The technical term for personnel not working as hard as they should be in an organization is called inefficiency and wastage. Thus the downside of budgetary slack is that it may make an organization inefficient and wasteful, thereby losing a competitive edge.

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Overstating Expenditures

Another way of incorporating budgetary slack is to overstate the expenditure. Managers responsible for creating a budget may simply decide in favor of overestimating the expenses.

The reasons for estimating the expenditures are the same as the ones discussed above. Competent management may decide to overstate the expenses if they are uncertain about the expenditure targets that should be set.

This may be required if the organization is carrying out research and therefore may be unsure about the actual expenditure that may need to be incurred.

Similarly, it may be appropriate to overstate expenditures if a new product line is being launched. The management may not have a clear estimate of how much budget should be allocated for the launch of a new product.

Managers, as stated above may overstate expenditures to make the attainment of budgeted expenditure target easier and thus attain performance related goals in order to make their performance look better than it is. It is also possible for both of these ways of budgetary slack to be combined together.

Budgetary slack for selfish reasons is unethical and a way to prevent managers from doing this is to appoint professionally competent managers.

A small team of competent managers can also be made responsible for creating the budget so that any single manager does not have the power or incentive to incorporate budgetary slack for personal gain.

Why is Budgetary Slack dangerous?

If used sparingly by competent management under uncertain conditions, budgetary slack can be a useful strategy but if it becomes a norm and is used repeatedly by the management, then it can very well be classified as creative accounting or window dressing to make the performance of the company look better than it actually is.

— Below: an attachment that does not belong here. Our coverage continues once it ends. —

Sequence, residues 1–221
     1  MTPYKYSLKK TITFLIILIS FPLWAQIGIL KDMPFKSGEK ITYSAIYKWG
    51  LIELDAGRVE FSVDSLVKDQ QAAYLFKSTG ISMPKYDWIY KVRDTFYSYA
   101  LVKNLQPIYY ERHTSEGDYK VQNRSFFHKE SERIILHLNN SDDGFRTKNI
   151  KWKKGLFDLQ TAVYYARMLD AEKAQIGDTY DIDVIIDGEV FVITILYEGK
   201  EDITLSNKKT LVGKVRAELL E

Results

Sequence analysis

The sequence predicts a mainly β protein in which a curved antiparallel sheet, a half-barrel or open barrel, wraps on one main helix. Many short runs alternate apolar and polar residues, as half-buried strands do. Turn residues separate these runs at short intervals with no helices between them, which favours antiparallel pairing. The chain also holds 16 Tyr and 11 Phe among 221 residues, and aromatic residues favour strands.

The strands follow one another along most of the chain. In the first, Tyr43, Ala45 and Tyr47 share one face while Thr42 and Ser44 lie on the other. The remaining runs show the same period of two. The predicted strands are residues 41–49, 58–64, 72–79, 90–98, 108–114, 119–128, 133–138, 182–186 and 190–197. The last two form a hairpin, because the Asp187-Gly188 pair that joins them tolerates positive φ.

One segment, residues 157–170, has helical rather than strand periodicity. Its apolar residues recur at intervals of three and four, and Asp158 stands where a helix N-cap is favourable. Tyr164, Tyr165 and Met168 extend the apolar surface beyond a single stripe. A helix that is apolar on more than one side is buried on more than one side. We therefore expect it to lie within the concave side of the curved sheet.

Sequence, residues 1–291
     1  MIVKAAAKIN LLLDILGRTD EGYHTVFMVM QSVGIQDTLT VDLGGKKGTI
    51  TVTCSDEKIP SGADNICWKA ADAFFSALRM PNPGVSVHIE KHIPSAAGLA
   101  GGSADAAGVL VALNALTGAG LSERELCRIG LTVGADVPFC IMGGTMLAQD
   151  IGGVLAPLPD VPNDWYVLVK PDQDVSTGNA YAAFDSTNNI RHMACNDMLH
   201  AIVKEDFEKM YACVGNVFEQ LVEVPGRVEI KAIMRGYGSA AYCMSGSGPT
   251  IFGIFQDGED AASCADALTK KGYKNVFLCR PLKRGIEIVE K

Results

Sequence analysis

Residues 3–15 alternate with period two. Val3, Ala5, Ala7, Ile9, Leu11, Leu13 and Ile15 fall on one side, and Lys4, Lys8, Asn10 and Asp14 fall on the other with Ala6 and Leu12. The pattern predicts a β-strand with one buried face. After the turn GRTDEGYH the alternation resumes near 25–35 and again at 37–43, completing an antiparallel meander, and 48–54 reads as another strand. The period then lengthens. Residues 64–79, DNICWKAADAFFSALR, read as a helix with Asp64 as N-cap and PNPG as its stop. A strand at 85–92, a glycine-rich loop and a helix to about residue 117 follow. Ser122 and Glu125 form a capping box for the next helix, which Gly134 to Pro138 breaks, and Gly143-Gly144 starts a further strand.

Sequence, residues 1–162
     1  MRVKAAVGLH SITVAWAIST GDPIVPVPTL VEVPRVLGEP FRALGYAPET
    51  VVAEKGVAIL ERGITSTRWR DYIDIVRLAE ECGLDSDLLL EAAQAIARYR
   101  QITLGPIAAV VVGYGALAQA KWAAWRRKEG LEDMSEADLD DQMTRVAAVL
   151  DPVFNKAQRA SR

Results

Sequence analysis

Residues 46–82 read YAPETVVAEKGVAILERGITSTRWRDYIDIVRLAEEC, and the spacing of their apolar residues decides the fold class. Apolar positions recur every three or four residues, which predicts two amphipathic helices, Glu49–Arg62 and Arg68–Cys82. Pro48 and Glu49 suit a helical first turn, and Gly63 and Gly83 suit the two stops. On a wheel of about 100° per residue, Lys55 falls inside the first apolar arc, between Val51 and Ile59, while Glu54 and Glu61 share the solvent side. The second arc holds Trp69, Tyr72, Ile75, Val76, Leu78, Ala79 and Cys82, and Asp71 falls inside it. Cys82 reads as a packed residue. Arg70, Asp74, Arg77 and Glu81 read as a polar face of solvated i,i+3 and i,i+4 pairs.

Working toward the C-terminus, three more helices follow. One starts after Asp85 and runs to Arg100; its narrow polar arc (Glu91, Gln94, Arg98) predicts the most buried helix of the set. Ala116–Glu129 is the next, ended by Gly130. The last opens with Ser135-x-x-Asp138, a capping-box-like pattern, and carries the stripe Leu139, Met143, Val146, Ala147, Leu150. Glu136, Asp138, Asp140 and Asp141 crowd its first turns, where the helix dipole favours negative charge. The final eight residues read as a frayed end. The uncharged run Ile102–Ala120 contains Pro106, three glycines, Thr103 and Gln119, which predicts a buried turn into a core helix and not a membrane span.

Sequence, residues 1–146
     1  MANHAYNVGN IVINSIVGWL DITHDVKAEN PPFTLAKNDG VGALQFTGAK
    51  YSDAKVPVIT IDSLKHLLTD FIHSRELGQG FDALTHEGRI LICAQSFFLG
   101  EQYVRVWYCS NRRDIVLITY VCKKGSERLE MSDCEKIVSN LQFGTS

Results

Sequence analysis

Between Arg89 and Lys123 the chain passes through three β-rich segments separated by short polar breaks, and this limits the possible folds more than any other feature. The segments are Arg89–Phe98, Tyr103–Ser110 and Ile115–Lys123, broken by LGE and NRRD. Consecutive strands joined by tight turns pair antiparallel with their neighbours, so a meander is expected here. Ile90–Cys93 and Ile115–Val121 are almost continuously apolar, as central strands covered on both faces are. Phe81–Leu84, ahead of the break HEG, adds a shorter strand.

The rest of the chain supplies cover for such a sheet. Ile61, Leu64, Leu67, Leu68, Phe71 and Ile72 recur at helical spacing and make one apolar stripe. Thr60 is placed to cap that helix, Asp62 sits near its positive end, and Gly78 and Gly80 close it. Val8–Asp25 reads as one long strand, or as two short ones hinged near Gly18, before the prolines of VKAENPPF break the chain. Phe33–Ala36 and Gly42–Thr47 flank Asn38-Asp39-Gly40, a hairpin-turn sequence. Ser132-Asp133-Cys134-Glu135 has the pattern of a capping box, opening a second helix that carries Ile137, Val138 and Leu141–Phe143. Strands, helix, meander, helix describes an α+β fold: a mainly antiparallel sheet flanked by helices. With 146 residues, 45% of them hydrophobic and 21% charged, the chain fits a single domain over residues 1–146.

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This however is not the only drawback of repeatedly using budgetary slack. Over time, it will make the company less competitive because the workforce will become used to achieving targets that do not completely test their abilities.

When the management becomes easy-going, they are not likely to strive for hard work and take on challenges, which is important for keeping efficiency levels up.

This may make the more hardworking personnel leave the organization thus resulting in the loss of talented and hardworking individuals.

Furthermore, if the management keeps on low balling like this, then this will eventually affect the financial performance of the company because the board of the company is responsible for creating shareholder value.

By deliberately understating the profit targets or overstating the expenditures, the management will cause the financial performance of the company to slacken because the managers simply will not be striving to achieve high targets.

The end result of continuously slacking the budget year after year may be a loss of share value and reduced market valuation of the company.

It can be conclusively stated that budgetary slack has both positive and negative connotations attached with it, depending on how it is used.

A competitive management can be justified in using it in uncertain conditions, however there is also a tendency for managers to use it for personal gain and this is where organizations need to implement internal controls, so that improper use of budgetary slack does not result in inefficiency and loss of competitiveness.